ⓘ Featured image: Razorpay co-founders – Harshil Mathur (L) and Shashank Kumar
Bangalore, Karnataka-based Razorpay, one of the leading fintech startups that in India, on Monday, 12 October 2020, raised $100 million in a Series-D round led by Singapore’s sovereign wealth fund GIC and Sequoia India. The latest funding round has valued the company a little more than $1 billion – making it a unicorn.
The round also saw participation from existing investors of Razorpay including Ribbit Capital, Tiger Global, Y Combinator, and Matrix Partners. The fresh funding round has made RazorPay’s total fundraising to $206.5 million.
The company in a statement said, the fresh capital will be deployed towards accelerating Razorpay’s neo-banking offerings since the payments business of Razorpay is already growing fast and doesn’t require capital deployment.
Mathur said the startup’s payment processing service continues to be its fastest growing business and does not need much capital to grow, so the startup will be deploying the fresh funds to expand its neo-banking offerings to include vendor payment, and expense and tax management and other features.
Founded in 2014 by IIT Roorkee alumni, Harshil Mathur and Shashank Kumar, the duo began exploring opportunities around payments processing business after realising some gaps for small businesses such as young startups to accept money online less than a decade ago. There were very few payment processing firms in India by then and startups needed to produce a long-list of documents. And in 2014, Razorpay was formed to help businesses accept payments, and disburse money online.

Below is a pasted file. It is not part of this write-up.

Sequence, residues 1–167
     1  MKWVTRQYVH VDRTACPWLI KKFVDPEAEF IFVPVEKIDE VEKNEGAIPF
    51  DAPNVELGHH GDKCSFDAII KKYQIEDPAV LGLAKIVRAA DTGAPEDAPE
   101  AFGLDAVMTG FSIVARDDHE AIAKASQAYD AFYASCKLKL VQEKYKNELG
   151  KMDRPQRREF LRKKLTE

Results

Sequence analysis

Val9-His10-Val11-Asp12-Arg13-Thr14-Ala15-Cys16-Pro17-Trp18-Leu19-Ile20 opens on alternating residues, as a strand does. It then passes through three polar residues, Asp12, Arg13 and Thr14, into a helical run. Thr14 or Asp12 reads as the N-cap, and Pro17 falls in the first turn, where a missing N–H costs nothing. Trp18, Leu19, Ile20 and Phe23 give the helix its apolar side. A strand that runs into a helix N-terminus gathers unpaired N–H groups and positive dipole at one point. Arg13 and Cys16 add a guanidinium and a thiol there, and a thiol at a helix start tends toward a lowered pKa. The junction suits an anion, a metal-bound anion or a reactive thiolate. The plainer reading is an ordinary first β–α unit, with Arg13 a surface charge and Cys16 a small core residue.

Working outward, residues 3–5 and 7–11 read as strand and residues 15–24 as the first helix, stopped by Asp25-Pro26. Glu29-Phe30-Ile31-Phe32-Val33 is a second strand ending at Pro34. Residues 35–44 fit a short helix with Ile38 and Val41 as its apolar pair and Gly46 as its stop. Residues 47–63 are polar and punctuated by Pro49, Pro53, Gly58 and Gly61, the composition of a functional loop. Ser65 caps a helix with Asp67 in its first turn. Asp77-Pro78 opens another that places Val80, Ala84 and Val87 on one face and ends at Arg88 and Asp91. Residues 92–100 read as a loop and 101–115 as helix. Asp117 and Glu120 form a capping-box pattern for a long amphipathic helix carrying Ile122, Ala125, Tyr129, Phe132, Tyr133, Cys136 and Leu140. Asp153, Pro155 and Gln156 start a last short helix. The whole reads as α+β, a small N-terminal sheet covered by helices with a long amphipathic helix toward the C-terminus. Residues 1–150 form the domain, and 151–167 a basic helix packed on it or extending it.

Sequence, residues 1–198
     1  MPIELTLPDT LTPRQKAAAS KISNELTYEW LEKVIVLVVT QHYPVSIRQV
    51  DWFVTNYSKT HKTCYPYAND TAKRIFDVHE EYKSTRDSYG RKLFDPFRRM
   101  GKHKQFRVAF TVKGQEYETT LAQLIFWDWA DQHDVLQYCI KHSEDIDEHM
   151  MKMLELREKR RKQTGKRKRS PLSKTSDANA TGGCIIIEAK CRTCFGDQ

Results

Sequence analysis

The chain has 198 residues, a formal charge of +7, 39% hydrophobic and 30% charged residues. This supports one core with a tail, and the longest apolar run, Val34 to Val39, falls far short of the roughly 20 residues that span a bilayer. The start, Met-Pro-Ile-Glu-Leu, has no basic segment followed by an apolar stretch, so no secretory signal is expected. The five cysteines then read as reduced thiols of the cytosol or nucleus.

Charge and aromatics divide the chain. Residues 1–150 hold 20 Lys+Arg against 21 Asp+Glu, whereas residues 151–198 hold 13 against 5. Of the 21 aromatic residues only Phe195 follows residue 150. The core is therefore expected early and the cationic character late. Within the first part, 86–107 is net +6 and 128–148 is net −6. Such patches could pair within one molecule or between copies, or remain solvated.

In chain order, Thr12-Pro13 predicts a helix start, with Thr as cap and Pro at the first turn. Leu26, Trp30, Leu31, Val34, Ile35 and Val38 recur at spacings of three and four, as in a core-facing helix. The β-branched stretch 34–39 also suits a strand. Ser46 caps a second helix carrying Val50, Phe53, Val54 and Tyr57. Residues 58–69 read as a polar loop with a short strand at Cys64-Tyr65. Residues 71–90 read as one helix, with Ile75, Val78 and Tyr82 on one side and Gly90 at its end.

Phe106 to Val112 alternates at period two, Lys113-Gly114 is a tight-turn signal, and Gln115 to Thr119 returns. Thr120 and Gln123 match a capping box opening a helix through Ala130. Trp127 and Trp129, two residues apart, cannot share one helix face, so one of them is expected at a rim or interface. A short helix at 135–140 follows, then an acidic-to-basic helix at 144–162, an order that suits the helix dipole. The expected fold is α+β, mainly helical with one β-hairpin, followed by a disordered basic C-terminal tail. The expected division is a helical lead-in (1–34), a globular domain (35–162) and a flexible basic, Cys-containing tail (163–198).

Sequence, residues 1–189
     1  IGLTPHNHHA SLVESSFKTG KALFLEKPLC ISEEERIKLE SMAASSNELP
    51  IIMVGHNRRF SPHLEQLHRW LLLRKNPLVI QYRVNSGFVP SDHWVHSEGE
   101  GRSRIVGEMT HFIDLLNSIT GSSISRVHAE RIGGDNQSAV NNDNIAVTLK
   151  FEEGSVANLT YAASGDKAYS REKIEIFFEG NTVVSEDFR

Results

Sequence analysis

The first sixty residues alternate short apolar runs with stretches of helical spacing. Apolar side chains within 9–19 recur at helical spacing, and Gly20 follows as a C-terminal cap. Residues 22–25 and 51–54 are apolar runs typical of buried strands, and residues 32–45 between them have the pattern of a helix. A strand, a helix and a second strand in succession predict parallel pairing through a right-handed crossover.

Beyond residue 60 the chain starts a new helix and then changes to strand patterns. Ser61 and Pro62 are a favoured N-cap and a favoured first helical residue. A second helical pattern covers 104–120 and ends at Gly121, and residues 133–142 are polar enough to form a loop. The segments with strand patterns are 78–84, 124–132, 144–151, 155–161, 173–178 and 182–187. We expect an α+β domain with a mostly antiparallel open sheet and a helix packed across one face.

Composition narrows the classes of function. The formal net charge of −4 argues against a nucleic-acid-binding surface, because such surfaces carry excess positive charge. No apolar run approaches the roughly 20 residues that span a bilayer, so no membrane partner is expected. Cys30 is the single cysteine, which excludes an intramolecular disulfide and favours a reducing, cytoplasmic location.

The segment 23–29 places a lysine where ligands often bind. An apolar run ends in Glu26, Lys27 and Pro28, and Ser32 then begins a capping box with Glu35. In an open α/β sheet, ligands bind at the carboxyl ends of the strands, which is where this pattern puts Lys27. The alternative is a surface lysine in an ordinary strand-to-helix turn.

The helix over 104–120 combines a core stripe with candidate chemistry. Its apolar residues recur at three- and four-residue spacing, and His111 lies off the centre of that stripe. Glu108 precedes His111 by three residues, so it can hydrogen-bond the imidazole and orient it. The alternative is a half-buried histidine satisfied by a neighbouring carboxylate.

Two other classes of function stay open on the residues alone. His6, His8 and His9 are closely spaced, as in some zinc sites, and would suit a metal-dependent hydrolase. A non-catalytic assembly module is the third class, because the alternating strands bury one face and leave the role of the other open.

In recent years, the startup has expanded its offerings to provide current accounts via RazorpayX, businesses loans and also launched a neo-banking platform to issue corporate credit cards, among other products.
Commenting on the development for Razorpay, Choo Yong Cheen, CEO for Private Equity at GIC, in a statement, said,
“Razorpay has established itself as a clear leader, with its strong focus on customer experience and product innovation. GIC has a long track record of partnering with leading fintech companies globally and is delighted to partner with Razorpay in its journey to transform payments and banking.”
Mathur, in a statement, revealed that Razorpay expects to process about $25 billion in transactions – up five times from last year – for nearly 10 million of its customers this year. He also claimed that some of the growth for the company came as a result of the coronavirus pandemic -accelerating digital payments adoption among many businesses. Speaking of the neo-banking and capital side, he said, Razorpay expects RazorpayX and Razorpay Capital to account for about 35% of the startup’s revenue by the end of March next year.
Speaking of the growth aspects for Razorpay, Mathur further added,
“We will continue to make an impactful contribution to the growth of the industry, aid adoption in the under-served markets and drive new practices and a new thinking for the industry to follow. And this investment fits perfectly with our growth strategy,”
A little more about Razorpay
The early team of about 11 people at Razorpay shared a single apartment as the co-founders rushed to meet with over 100 bankers to convince banks to work with them. The conversations were slow and remained in a deadlock for so long that the co-founders felt helpless explaining the same challenge to investors numerous times, they recalled in an interview last year.
To say things have changed for Razorpay would be an understatement. It’s become the largest payments provider for businesses in India. The company competes with the likes of Prosus Ventures’ PayU, Instamojo and more.
Some of Razorpay’s clients include budget lodging decacorn Oyo, fintech firm Cred, social giant Facebook, e-commerce Flipkart top food delivery startups Zomato and Swiggy, online learning platform Byju’s, supply chain platform Zilingo, travel ticketing firms Yatra and Goibibo, and telecom giant Airtel.
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